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Author Archives:Ofir Ashman

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LAZARUS GROUP ALMOST STOLE COVID-19 VACCINE RESEARCH

While vaccines are slowly being distributed around the world, COVID-19 is still on the loose, and the in many ways – the world is still at a halt. Researchers at Kaspersky have recently discovered attacks against COVID-19-related entities, probably attempting to get their hands on vaccine research. The perpetrators behind this sneaky and specialized attack are none other than the mysterious Lazarus Group, a cybercrime group with strong links to North Korea, and known for some large cyberattacks over the last decade, such as the WannaCry attacks, Sony breach, and more. While tracking the group’s activity over a variety of industries, the Kaspersky researchers spotted two COVID-related attacks – one on a pharmaceutical company, and the other on a government ministry involved in COVID-19 response.

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The IT/OT Challenge - Understanding Convergence Risks

As we have discussed in previous articles on our blog, smart technologies are advancing at a precedential speed. New technologies and IoT devices allow operational technology infrastructures to connect to the information technology (IT) realm, receiving data and controls from Internet-connected devices. While this creates amazing opportunities and technological advancement, such as simplified process control, real-time visibility, and decreased unplanned downtime, connecting OT devices to the Internet makes them vulnerable to an additional world of threats and attack types. Companies and facilities must strictly protect their industrial control system (ICS) and SCADA networks, since a breach can cause damage to an electrical grid, an oil rig, or even to emergency services systems during a crisis.

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WHEN RANSOMWARE HITS CLOSE TO HOME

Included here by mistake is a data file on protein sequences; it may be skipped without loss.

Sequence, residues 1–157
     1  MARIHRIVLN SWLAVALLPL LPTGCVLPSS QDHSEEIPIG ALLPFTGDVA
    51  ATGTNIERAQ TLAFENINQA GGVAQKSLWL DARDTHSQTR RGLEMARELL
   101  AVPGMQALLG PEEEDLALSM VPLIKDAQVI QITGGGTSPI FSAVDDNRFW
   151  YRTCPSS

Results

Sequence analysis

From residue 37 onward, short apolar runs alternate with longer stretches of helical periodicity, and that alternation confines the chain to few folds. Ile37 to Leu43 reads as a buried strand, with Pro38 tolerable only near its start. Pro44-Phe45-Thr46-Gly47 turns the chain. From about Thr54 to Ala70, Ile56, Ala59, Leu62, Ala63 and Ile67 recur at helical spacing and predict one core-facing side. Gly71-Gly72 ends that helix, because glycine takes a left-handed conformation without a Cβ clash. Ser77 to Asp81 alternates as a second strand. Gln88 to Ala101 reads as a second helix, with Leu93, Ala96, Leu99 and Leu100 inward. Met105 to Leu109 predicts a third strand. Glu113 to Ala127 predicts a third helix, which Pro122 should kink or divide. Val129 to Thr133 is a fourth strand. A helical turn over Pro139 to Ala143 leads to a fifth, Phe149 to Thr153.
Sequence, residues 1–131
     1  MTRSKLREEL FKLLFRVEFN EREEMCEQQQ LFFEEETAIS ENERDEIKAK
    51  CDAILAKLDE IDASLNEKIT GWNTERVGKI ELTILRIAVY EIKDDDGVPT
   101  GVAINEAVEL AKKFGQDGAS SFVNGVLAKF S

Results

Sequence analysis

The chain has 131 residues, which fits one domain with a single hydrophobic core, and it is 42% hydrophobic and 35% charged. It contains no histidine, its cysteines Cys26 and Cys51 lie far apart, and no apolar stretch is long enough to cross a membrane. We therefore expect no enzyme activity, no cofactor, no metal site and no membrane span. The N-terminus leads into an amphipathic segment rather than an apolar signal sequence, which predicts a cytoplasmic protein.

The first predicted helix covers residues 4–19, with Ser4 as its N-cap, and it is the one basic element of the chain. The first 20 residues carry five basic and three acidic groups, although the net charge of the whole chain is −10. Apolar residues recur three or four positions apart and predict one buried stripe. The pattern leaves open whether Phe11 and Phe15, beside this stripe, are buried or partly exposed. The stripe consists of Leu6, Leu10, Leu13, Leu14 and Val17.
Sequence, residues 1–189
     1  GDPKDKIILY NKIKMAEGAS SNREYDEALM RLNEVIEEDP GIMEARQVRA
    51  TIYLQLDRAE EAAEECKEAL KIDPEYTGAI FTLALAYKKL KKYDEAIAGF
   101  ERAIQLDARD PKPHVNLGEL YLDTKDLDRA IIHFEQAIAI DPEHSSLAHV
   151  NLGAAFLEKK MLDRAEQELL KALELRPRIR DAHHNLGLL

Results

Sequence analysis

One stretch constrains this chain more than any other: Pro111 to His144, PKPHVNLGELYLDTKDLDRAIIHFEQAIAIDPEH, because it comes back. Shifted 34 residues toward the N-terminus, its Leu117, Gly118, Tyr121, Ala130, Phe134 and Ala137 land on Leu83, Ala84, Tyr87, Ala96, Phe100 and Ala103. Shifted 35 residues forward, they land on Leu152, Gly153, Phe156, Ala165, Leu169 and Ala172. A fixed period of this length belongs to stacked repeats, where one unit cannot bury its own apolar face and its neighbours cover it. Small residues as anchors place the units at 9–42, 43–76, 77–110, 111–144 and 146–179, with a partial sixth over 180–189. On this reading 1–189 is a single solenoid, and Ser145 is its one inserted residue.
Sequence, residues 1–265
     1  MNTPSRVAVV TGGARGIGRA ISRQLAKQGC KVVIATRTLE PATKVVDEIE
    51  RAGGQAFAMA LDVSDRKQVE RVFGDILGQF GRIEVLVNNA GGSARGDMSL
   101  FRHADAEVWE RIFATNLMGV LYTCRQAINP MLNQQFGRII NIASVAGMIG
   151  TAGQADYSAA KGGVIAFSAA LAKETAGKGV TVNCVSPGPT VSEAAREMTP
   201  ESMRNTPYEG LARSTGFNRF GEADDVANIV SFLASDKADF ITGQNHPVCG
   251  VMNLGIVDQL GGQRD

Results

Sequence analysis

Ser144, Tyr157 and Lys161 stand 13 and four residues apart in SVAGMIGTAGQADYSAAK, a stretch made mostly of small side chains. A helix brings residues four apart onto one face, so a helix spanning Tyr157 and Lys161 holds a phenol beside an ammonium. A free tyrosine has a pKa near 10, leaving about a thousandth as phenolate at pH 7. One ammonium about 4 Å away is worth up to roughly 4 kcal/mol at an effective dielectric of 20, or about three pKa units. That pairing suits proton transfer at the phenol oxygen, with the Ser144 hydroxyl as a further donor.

Last Friday’s family dinner started like any other. My grandmother stealthily running around the kitchen adding some finishing touches to her amazing dishes, while her children and grandchildren gradually arrive. Meeting once a week (or two) for a Friday dinner is customary for traditional Israeli families (and let’s face it, Israel is so small that no matter where you live – it’s still no more than a few-hour drive from your family). As we started moving delicious-smelling food from the kitchen to the dining room, my family asked me excitedly (and a bit worriedly) – “Did you hear about the Shirbit cyber attack? They got attacked with a ransom malware, have you heard of those?”.

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Are You Prepared For 5G?

5G is here, and it is definitely changing 21st century technology. The fifth generation of wireless connectivity marks a new era for devices of all kinds, serving as critical infrastructure to promote the digitization, automation and connectivity of machines, robots, smart appliances, transport solutions and more. In addition to advanced infrastructure technologies - smartphones, computers and Internet-of-Things devices are extremely prevalent in every home - and they’re getting smarter. With the increased demand for connectivity and 5G-enabled IoT devices, vendors are rushing their products to be the first on the market, trying to beat out the competition on the way. According to Statista, there will be a whopping 74 Billion connected devices by 2025. Even last month’s Black Friday deals on next generation smartphones and smart devices may very well have equipped another couple million Americans with 5G-compatible devices. But despite the excitement and hype around smart technologies, this race-to-market is creating a gaping hole where strong security and advanced technology must meet. Vendors are sacrificing security testing, allowing potential vulnerabilities to remain hidden in the backend of devices.

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Watch out for Phishing this (online) Holiday Season